Three nature trails (shorter in length) allow visitors to experience the tallgrass prairie first-hand, while remaining in closer proximity to visitor services. These trails are dog friendly, but please help all visitors enjoy them by keeping dogs on a visible 6' maximum leash and picking up after your pet. Enjoy your hike by following these important safety rules. Permits are not required to hike the trails. All trails open 24 hours; no camping.
The Southwind Nature Trail is a leisurely stroll across hill and valley, watercourse and prairie grassland, gives visitors a close-up look at what makes up the preserve. Named for the Kansa Indians, the People of the Southwind, this 1.75 mile trail presents marvelous vistas as well as an opportunity for a detailed view at the prairie ecosystem. Two overlook areas afford visitors a chance to experience the scenic beauty of the prairie.
WHEELCHAIR FRIENDLY BOTTOMLAND NATURE TRAIL
The Bottomland Nature Trail is complete with an information trail head, 5 interpretive waysides, benches, and wheelchair friendly trail loops during dry weather. Choose from two trail lengths- 3/4 or 1/2 mile loops. A brochure has been developed to assist you as you travel the trail. You may receive one at the ranch headquarters or you will find one in the brochure box at the trail head kiosk. A comfort station is also available. This trail was made possible through a generous donation by the Cloud Foundation in memory of Roger Cloud who was an avid lover of the Flint Hills.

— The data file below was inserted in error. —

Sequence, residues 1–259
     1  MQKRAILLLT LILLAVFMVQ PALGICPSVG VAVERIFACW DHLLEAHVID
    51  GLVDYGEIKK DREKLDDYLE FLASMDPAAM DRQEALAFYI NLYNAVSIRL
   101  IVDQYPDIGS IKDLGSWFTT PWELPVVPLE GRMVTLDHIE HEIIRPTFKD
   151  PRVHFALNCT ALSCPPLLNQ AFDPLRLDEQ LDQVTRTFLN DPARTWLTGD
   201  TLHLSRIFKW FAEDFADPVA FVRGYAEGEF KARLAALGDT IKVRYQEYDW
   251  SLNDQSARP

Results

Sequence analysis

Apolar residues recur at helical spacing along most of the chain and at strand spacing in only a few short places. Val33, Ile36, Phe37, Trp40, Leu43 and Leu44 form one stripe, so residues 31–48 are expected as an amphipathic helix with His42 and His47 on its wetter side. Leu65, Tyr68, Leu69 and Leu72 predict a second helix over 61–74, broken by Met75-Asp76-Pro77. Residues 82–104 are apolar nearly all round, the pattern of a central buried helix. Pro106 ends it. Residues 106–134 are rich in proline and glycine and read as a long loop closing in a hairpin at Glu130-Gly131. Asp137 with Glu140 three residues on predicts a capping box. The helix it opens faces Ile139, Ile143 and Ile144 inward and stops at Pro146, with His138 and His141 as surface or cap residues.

FOX CREEK HIKING TRAIL
The Fox Creek Trail is a 6.1 mile round-trip trail and starts at the northern end of the Bottomland Nature Trail and extends northward, following Fox Creek. Visitors will experience bottomland prairie restoration plots along Fox Creek's riparian areas. Deep soils and abundant moisture offer 6 feet tall grasses in the fall. Catch and release fishing is also available along Fox Creek.
Did You Know?
Kansas was once the bed of a vast inland sea. The unique, stairstep landscape of the Flint Hills was formed through a process of differential erosion. Erosion washed away the soft shale layers and left the tougher layers of limestone and flint to form the hilltops and prominent benches.